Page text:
Backfiring is burning into the wind, and it’s the way every prescribed fire should begin. On my place, we usually burn sections, 5 or so acres at a time, and I start by lighting the downwind edge of the field. Depending on the wind and fuel load, it can actually be a slow process to get a good burn line going, but I like to at least double the width of my dirt firebreak with ash before lighting anything upwind. As I’m backfiring with a drip torch, I usually have a buddy follow behind me with a backpack sprayer of water, just to be sure no stray embers flutter downwind, across the firebreak.

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“Starting out, it’s safest to use backing fires, and do it slowly,” Lashley says. “You can burn an entire field with a backfire. It just takes a long time. As you get more experience, you realize how fast you can push things and stay safe. But if you want to get more aggressive and speed things up, you can use flanking fires, strips, or spotting headfires.”

Once the backfire has doubled the size of my firebreak, I’ll often walk 20 or 30 yards upwind, cut into the field, and light a headfire line, which will quickly burn toward the backing fire downwind, and become its own backing fire upwind. Once that settles, I go upwind another 20 yards, and do it again, until the field is burned completely. Even after several years of experience, that’s as fast as I care to burn. Plus, it gives rabbits and other critters that may be in the field plenty of time and routes to escape.

“A lot of people want to light a backfire and then circle it in (with a headfire),” Lashley says. “Going too fast is where problems start, and it can be problematic for the wildlife, too.”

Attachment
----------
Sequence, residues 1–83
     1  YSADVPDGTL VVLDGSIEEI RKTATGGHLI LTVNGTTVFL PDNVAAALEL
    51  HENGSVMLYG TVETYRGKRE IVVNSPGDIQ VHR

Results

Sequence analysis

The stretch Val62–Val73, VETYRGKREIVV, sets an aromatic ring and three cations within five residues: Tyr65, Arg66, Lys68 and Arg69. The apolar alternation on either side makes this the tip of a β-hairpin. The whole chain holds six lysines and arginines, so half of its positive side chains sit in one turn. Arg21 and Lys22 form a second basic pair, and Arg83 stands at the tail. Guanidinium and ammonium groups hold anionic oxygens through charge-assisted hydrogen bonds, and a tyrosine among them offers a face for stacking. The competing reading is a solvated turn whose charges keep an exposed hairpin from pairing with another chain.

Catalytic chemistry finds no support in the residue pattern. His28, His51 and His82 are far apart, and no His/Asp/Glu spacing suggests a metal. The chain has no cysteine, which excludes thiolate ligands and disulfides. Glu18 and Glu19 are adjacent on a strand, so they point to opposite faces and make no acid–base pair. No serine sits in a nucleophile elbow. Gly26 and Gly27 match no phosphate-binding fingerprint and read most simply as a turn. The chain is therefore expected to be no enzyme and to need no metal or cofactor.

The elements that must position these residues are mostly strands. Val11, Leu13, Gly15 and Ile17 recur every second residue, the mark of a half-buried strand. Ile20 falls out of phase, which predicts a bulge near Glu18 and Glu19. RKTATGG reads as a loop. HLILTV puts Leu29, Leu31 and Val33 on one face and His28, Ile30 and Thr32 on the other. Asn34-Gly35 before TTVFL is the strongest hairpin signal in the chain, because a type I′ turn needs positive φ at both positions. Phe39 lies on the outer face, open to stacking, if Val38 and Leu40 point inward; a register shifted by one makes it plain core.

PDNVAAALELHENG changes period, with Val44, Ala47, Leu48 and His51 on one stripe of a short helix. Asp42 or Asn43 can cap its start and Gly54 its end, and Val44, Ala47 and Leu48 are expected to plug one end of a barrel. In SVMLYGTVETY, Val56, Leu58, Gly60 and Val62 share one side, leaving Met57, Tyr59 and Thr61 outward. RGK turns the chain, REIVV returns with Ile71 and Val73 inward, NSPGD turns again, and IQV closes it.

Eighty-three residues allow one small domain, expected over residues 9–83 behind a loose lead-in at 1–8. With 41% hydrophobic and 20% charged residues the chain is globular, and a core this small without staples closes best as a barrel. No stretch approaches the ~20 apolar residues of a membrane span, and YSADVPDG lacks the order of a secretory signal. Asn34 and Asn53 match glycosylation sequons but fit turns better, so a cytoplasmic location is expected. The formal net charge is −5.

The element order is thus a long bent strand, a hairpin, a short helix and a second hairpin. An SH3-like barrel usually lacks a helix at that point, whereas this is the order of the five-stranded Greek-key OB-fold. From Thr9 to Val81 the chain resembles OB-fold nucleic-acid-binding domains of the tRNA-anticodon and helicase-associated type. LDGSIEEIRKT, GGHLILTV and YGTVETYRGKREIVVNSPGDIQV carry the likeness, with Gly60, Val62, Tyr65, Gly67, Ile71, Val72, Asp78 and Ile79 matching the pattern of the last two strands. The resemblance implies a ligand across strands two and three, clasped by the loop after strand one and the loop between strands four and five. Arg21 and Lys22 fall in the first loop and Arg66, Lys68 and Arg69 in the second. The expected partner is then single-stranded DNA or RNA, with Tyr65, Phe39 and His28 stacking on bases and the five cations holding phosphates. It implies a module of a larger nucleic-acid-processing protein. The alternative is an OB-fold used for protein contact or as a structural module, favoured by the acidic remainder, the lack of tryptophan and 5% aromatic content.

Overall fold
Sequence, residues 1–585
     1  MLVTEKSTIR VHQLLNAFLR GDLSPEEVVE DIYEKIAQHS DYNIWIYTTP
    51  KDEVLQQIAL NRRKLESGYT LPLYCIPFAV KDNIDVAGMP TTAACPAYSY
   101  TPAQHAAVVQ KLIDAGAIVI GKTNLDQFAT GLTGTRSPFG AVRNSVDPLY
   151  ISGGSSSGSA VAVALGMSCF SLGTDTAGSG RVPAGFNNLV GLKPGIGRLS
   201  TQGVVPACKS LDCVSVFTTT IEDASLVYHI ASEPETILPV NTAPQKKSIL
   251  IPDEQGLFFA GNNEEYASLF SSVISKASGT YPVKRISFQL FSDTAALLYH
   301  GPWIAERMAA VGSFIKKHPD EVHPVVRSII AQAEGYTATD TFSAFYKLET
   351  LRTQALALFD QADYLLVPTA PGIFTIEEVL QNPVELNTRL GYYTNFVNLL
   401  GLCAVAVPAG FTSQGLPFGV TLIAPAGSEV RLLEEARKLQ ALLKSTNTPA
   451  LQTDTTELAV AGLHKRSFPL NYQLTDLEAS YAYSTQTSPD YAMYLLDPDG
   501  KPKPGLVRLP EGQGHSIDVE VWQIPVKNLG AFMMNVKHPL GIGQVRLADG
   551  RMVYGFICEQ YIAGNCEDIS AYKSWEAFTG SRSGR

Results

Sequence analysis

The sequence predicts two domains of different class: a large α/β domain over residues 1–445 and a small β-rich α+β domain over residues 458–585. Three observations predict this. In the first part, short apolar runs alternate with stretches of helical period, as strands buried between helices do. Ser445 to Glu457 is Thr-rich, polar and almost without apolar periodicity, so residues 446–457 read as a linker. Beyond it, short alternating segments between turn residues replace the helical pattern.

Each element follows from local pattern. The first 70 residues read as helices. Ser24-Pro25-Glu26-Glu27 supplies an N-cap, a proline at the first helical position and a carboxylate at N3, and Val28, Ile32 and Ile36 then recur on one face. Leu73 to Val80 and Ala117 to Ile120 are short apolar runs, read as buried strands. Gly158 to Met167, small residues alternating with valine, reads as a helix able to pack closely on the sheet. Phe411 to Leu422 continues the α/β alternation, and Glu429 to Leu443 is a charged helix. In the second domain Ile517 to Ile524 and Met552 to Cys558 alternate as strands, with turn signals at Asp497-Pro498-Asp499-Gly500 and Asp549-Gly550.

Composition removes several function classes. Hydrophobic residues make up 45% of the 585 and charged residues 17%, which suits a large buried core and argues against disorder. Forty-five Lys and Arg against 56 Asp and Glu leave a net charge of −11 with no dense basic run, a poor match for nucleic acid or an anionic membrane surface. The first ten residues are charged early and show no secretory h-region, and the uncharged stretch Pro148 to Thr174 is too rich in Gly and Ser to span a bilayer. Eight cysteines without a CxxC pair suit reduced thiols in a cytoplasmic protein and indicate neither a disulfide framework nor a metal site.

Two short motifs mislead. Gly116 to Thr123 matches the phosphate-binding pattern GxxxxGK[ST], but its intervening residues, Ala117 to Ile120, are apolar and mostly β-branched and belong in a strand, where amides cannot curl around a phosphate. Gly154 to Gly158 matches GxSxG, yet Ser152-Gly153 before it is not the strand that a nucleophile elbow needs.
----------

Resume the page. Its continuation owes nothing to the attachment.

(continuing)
Start small, burning sections at a time. Image by Realtree

Be Overcautious

You can’t overplan for a prescribed burn. Creating firebreaks is the critical first step. You need a continuous line of bare dirt between the area you plan to burn and the area you don’t want burned. As a rule of thumb, the dirt should be twice as wide as the vegetation is tall.

“Most people who plant food plots can make firebreaks,” Lashley says. “A tractor with a disk is a perfectly suitable way to make a really good one, particularly in an old field.” Lashley points out that the firebreaks themselves can become excellent food plots. “You can create a green firebreak with that succulent vegetation that doesn’t burn. It’s a great way to manage openings with high-quality habitat.”

With that in mind, after a burn, I frequently sow my firebreaks down with red clover. It’s an inexpensive perennial that’s easy to broadcast and attractive to deer. But because it usually only lasts a couple of seasons anyway, I don’t feel bad about disking it under every couple years, when it’s time to freshen the firebreak and burn the field again.

Good firebreaks are the most essential step for keeping a prescribed fire contained. Image by Will Brantley

Before burning, it’s good to put together a written burn plan (and a requirement in some states). This should outline the area to be burned, the conditions needed, emergency contacts, the list of tools, and job descriptions for the help. Where I live, the sheriff’s office must be notified ahead of a burn, and it’s good to have that number saved. Concerned neighbors will inevitably call when they see the smoke and flames, and you can expect well-check calls from dispatchers.

On the ground, I like to have a truck or a UTV with a tank of water, and a tractor with a front-end loader or grader blade, as well as three or four buddies each wearing pump-style backpack sprayers. When we light a section of field, we circle it continuously with the sprayers, dousing out hotspots and embers as needed. At the end of the evening, my custom is to provide beer and barbecue, but your friends may have different requirements.

Most times, we don’t use more than a couple of sprayer tanks of water between us, and we only start the tractor to drive it back to the shed. Boring burns are the best ones. But as I’ve seen firsthand, winds can swirl despite the forecast, and when you have a 5-acre fire going in the middle of that, you’ll be happy for the extra precautions taken.